Wed. Dec 1st, 2021

It seems that almost every economic conversation these days excludes inflation. Each question seems to lead to another. Is it transient? Will it get worse? If so, when? And for how long? Which of the many factors – including rising demand for Covid-19, supply chain shortages, fiscal and monetary stimulus, energy policy, or all the many changes in how we live, work and play after pandemics – should matter most as we try to build a picture of what is happening?

In all the debate, one point gets very little discussion: the role of technology as probably the most important variable in what could happen to inflation over the next few years.

For every inflationary factor, from labor shortages to transportation bottlenecks, fuel costs, or even long-term pressures like an aging population, there is an impending technological change that could shift the calculation around prices in ways that are difficult to predict.

Consider the clean energy transition. The demand for electric vehicles is already pushing up the price of commodities such as copper, lithium, nickel and cobalt. Green vehicles and power plants are far more metal-intensive than the technology they replace. As more companies and nations move toward a carbon tax and seek to curb fossil fuel production, energy prices could rise further in the short term.

But the broader timeline is, of course, what matters. While a rapid transition to a cleaner world will cause some inflationary pressures, it will dramatically reduce the cost of climate-related disasters in the longer term.

What’s more, technological innovation itself ultimately lowers costs. Morgan Stanley data shows that commodity prices have been falling for 200 years, short-term rises aside. This is because every time one energy source became too expensive, a new one was invented to take its place.

We may be entering a cold and expensive winter. But given the declining costs of renewable technologies such as solar panels and wind farms (and increasing public and private investment in them), there is good reason to hope that the final destination could eventually be a much better and cheaper place – one that would dive into some of the 1970s stagflation analogies sit.

What about the inflationary aspects of supply chain delays? Some logistics experts believe port backups will last for years. And yet we are already seeing the biggest and richest companies (e.g. Amazon, Walmart and Costco) adapt to the problem with their own innovations.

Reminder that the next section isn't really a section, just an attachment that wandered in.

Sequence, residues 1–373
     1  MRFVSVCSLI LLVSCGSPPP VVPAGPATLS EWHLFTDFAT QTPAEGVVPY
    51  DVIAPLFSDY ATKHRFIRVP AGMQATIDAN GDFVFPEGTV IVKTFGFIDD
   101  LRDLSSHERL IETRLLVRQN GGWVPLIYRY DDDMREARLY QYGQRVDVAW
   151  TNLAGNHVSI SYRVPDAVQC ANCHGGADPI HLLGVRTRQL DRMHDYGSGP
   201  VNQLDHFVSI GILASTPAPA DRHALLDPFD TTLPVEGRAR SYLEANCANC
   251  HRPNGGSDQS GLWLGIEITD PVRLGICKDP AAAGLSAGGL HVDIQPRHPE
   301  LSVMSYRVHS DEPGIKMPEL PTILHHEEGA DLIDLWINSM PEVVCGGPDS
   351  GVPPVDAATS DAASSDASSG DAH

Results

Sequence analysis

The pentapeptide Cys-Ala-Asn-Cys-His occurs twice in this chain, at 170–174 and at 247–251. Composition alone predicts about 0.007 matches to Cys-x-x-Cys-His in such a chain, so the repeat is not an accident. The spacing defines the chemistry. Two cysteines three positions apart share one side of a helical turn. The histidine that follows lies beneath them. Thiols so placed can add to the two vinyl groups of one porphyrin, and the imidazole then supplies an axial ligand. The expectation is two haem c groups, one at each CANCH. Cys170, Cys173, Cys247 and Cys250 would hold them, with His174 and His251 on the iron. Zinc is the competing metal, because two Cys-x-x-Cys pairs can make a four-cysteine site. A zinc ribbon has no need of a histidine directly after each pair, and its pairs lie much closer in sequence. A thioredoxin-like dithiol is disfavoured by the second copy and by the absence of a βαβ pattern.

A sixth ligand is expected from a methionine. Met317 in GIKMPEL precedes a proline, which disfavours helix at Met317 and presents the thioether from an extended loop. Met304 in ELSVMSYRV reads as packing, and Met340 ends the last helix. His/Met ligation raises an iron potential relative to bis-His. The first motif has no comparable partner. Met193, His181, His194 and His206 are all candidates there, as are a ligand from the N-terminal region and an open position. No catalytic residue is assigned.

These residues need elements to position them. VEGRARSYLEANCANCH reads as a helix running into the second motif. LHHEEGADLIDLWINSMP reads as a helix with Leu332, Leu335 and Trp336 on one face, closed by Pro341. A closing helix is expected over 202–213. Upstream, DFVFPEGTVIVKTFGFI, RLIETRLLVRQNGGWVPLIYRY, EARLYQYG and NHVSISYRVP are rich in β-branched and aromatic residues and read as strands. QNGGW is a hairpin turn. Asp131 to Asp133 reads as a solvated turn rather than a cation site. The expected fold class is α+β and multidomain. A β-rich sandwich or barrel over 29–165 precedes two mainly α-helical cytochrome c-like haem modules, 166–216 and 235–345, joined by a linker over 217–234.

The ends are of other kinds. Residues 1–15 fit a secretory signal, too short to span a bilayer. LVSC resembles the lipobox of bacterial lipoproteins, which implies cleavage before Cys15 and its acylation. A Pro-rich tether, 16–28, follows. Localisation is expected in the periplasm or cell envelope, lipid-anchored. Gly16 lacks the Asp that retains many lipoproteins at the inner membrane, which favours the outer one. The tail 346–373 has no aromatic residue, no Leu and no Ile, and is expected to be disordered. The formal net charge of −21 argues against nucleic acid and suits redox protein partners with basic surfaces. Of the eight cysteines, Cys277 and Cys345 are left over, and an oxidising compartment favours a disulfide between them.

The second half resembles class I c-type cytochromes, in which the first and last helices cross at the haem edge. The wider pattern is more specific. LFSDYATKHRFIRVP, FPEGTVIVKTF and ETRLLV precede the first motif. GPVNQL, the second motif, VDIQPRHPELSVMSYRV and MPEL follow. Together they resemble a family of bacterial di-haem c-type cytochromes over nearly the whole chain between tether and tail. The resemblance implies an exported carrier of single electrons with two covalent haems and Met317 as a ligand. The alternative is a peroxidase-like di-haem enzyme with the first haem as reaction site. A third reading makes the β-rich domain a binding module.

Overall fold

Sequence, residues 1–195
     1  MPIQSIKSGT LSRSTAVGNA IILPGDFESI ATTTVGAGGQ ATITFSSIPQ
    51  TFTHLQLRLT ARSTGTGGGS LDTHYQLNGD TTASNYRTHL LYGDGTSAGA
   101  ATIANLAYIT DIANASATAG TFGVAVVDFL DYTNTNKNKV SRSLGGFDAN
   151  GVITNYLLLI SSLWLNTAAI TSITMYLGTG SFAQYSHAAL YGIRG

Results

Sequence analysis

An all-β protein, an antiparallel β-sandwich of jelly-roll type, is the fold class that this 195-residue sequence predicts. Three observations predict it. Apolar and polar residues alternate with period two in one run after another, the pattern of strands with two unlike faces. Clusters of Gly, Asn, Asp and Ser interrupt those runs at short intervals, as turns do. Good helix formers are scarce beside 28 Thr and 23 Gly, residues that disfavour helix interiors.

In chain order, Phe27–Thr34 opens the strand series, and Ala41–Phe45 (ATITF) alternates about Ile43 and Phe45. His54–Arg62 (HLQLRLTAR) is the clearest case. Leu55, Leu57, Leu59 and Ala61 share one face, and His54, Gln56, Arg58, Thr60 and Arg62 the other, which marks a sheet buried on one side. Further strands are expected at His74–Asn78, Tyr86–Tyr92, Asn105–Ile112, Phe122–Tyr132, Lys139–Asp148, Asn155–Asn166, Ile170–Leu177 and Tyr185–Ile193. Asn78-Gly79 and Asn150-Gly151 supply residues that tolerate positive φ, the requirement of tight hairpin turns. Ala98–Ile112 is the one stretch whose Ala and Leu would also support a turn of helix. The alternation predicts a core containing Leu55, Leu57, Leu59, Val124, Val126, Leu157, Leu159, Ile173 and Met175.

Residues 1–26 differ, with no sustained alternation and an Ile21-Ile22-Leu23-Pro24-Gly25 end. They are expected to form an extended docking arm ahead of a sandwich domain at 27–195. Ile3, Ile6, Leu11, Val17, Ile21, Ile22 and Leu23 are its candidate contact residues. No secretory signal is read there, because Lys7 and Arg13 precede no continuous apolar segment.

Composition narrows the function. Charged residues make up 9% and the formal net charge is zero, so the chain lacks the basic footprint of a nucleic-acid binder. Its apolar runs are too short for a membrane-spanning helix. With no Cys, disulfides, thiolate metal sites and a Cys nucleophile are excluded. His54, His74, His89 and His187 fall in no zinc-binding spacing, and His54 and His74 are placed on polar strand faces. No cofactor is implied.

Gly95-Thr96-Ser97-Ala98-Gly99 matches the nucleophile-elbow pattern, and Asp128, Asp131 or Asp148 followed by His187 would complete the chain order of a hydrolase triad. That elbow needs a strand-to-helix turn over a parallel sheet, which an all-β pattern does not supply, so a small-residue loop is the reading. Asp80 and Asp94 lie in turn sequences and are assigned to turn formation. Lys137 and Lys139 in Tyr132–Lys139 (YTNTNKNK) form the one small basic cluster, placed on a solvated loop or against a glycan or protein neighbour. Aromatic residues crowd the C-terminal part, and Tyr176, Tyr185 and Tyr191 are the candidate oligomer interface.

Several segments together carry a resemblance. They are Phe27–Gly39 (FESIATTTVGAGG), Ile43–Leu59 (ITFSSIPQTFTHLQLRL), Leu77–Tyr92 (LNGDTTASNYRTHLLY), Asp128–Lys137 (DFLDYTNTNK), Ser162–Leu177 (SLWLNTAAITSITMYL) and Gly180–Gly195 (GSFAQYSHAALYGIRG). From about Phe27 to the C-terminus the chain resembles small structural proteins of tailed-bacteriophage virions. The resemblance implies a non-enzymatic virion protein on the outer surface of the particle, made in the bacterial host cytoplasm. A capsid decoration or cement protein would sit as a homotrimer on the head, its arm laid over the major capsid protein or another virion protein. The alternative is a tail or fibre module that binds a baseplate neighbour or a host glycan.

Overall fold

Those innovations will include more vertical integration (for example, owning some of their own cargo containers rather than renting to allow more control), but also the use of artificial intelligence systems to better track deliveries. Autonomous vehicles, both trucks and ships, are getting a new boost of interest. The first autonomous container ship will be tested in Norway by the end of the year. If such systems smooth traffic, some supply chain related delays and price pressures will begin to decrease.

As the Internet of Things becomes ubiquitous, more companies will use new technology to improve efficiency. As the CEO of Ark Investment Management, Cathie Wood, noted in a recent interview, such innovations, which include autonomous mobility, blockchain, gene editing, adaptive robots and neural networks, are more likely to usher in a period of longer-term inflation than inflation, given the depth and breadth of their impact on all areas of business.

It will certainly disrupt labor markets in ways we cannot yet imagine. For example, technology can play an important role in reducing the inflationary pressures of aging baby boomers, which will require more care at exactly the time when the workforce is shrinking, by increasing the productivity of existing healthcare workers and the system.

China, which has invested $ 1.5 billion in the use of big data in healthcare over the past decade (and many billions more in artificial intelligence), is likely to be the epicenter of AI-driven diagnostics and healthcare innovation.

The politics of using big data in sensitive areas such as healthcare and finance will, of course, differ from country to country, as regulators struggle with the social implications of such cutting-edge technologies. Those differences in national policies can themselves be inflationary if they contribute to cross-border frictions in global business and when it comes to the movement of people, goods and capital.

In a multipolar world, there will inevitably be more delays, shortages and supply and demand disparities in the short term.

And yet, the fact that the world economy has become somewhat more fragmented over the past few years is also an opportunity for technology-driven innovation that could eventually bring prices down. Think about vertical farms what products grow minutes from where people eat them, telehealth and virtual education platforms that eliminate travel costs, and 3D manufacturing that cuts through complex and distant supply chains.

These are just a handful of the many new technologies that are currently flourishing. The change that such innovation can bring is probably the only major disinflationary trend at present. But it may be the most powerful.

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